Ultra sonic Pulse velocity test

Ultrasonic Pulse velocity test


Conducting Ultra-Sonic Pulse velocity (UPV) test at selected locations on the RCC members of the Structures covered under the study by making 300 mm x300mm c/c grids to know about the homogeneity and quality of concrete. The test is performed as per the IS 13311 (Part-1) / ASTM C 597.

The ultrasonic pulse velocity method is used for non-destructive testing of plain, reinforced and prestressed concrete whether it is precast or cast in-situ

Objects: The main objects of the ultrasonic pulse velocity method are to establish

  • The Homogeneity of the Concrete
  • The Presence of Cracks, Voids and other Imperfections
  • Changes in the Structure of the Concrete  Caused by the Exposure Condition, Corrosion, Wear etc. which may occur with time,
  • The Quality of the Concrete in Relation to the Specified Standard Requirements.
  • The Quality of One Element of Concrete in Relation to the Another.
  • The Values of the Dynamic Elastic Modulus of the Concrete.


Principle:.This method is based on the principle that the velocity of an ultrasonic pulse though any material depends upon its density, modulus of elasticity and poisson’s ratio. A typical block diagram for the test is shown in fig. 1. In this method, an ultrasonic pulse of longitudinal vibrations is produced by an electro-acoustical transducer which is held in contact with one surface of concrete member under test. After traversing a known path length in the concrete, the vibration pulse is converted in to an electrical signal by a second electro-acoustical transducer held in contract with the other surface of the concrete member and an electronic timing circuit enables the transit time of the pulse to be measured.

The travel time is measured with an accuracy of  +/- 0.1 microseconds. Transducers with natural frequencies between 20 kHz and 200 kHz are available, but 50 kHz to 100 kHz transducers are common.

The Pulse velocity is calculated by expression ‘Pulse velocity = pulse travel/ pulse travel time’ and is expressed in m/s.

Higher velocity is obtained when the quality of concrete in terms of homogeneity and uniformity is good. If there is a void, crack or flaw inside the concrete, which comes in the way of transmission of pulses, the pulse strength is lowered and it passes around the discontinuity there by making the path longer and the velocity lower.

Pulse velocity in a material depends on its density and its elastic properties, which in turn are related to the quality and the strength of the material. Following properties of concrete can be found out using U.P.V. test

[1] Uniformity of the concrete

[2] Cavities, cracks, defects due to fire and frost.

[3] Modulus of Elasticity

Pulse Velocity method is a convenient technique for investigating structural concrete. The underlying principle of assessing the quality of concrete is that comparative higher velocities are obtained when the quality of concrete in terms of density, homogeneity and uniformity is good. In case poorer quality of concrete, lower velocities are obtained. If there is a crack, void or flaw inside the concrete which comes in the way of transmission of the pulses, the pulse strength is attenuated and it passes around the discontinuity, thereby making path length longer. Consequently, lower velocities are obtained. The actual pulse velocity obtained depends primarily upon the material and the mix proportion of the concrete. Density and modulus of elasticity of aggregate also significantly affect the pulse velocity.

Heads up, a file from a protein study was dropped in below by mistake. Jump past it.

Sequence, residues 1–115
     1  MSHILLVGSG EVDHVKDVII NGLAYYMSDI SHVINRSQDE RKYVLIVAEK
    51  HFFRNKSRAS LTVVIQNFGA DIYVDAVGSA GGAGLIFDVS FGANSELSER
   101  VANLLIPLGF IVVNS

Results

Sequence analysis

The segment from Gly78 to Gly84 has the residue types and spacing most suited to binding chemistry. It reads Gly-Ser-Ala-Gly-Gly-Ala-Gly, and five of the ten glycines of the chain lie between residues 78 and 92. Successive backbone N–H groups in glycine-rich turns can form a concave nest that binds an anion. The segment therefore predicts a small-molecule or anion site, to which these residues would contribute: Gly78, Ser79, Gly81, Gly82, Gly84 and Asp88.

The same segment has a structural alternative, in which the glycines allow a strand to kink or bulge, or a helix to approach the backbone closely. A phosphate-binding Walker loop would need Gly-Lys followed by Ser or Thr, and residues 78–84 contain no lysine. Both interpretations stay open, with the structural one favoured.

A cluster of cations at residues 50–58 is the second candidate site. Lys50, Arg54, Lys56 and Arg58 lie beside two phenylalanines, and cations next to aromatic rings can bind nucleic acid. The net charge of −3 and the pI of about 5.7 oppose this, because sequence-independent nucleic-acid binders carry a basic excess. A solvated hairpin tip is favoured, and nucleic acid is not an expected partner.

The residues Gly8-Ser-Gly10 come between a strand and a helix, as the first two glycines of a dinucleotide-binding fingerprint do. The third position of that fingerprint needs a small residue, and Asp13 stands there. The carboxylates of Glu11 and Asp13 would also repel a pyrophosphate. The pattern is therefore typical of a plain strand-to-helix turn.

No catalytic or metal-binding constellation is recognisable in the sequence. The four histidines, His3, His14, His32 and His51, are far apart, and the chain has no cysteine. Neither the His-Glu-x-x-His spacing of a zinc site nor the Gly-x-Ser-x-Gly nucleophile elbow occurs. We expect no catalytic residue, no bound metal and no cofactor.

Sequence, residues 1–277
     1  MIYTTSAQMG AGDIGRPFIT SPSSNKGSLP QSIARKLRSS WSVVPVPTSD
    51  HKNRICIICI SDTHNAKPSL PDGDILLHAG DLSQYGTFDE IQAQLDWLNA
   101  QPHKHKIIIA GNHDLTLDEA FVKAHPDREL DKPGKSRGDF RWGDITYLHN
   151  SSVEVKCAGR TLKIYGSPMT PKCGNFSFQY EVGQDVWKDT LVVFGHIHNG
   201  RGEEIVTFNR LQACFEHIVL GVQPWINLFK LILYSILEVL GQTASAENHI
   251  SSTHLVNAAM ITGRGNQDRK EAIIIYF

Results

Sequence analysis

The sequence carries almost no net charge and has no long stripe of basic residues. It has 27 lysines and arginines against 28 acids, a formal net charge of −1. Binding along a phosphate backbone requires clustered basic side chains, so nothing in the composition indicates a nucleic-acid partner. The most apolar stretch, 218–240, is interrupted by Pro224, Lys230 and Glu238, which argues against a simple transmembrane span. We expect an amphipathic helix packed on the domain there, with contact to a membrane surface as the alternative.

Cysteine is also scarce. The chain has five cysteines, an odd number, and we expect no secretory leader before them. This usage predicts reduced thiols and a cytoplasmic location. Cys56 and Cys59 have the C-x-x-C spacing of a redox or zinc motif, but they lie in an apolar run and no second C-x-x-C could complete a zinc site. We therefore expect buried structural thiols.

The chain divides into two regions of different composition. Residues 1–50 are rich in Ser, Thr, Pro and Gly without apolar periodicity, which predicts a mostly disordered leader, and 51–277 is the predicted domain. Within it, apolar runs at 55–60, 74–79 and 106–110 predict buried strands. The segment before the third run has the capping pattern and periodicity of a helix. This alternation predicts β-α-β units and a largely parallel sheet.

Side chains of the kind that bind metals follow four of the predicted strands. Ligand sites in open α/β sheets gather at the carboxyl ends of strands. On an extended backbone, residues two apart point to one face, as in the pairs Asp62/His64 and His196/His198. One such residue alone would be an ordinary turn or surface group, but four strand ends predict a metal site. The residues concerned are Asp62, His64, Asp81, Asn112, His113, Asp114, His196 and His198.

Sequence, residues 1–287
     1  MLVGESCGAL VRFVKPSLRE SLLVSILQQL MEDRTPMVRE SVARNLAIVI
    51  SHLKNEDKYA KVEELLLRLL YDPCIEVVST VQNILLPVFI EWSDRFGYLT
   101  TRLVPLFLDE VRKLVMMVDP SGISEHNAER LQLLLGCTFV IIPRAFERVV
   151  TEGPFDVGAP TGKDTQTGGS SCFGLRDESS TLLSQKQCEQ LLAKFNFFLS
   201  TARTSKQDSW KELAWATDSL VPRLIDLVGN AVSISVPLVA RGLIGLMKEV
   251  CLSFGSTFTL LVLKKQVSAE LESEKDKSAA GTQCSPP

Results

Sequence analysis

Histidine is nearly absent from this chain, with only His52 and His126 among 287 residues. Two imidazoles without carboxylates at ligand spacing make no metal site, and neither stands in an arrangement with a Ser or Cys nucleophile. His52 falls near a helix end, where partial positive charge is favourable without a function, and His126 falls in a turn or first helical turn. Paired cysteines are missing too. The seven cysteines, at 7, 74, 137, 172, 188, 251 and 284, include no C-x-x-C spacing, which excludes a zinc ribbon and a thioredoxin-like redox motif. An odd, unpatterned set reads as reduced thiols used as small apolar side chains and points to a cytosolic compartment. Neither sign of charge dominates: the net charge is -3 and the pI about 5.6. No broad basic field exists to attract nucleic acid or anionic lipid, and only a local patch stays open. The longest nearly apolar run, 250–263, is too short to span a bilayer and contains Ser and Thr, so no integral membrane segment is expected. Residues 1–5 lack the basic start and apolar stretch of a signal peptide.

Transducers: Piezoelectric and magnetostrictive types of transducers are available in the range of 20 kHz to 150 kHz of natural frequency.  Generally, high frequency transducers are preferable for short path length and low frequency transducers for long path lengths. Transducers with a frequency of 50  to 60 kHz are useful for most all-round applications. The Following table indicates the natural frequency of transducers for different path lengths

Fig. 3:

Schematic Diagram of Ultrasonic Pulse Velocity Method

There are three possible ways of measuring pulse velocity through concrete :

  1. Direct Transmission (Cross Probing) through Concrete :  In this method transducers are held on opposite face of the concrete specimen under test as shown in fig. The method is most commonly used and is to be preferred to the other two methods because this results in maximum sensitivity and provides a well defined path length.
  2. Semi-direct Transmission through Concrete :   Sometimes one of the face of the concrete specimen under test is not accessible, in that case we have to apply semi-direct method as shown in fig. In this method, the sensitivity will be smaller  than cross probing and the path length is not clearly defined.
  3. Indirect Transmission (Surface Probing) through Concrete : This method of pulse transmission is used when only one face of concrete is accessible. Surface probing is the least satisfactory of the three methods because the pulse velocity measurements indicate the quality of concrete only near the surface and do not give information about deeper layers of concrete. The weaker concrete that may be below  a strong surface can not be detected. Also in this method path length is less well defined. Surface probing in general gives lower pulse velocity than in the case of cross probing and depending on number of parameters.

Fig. 4 :

Different Methods of Propagating Ultrasonic Pulses through Concrete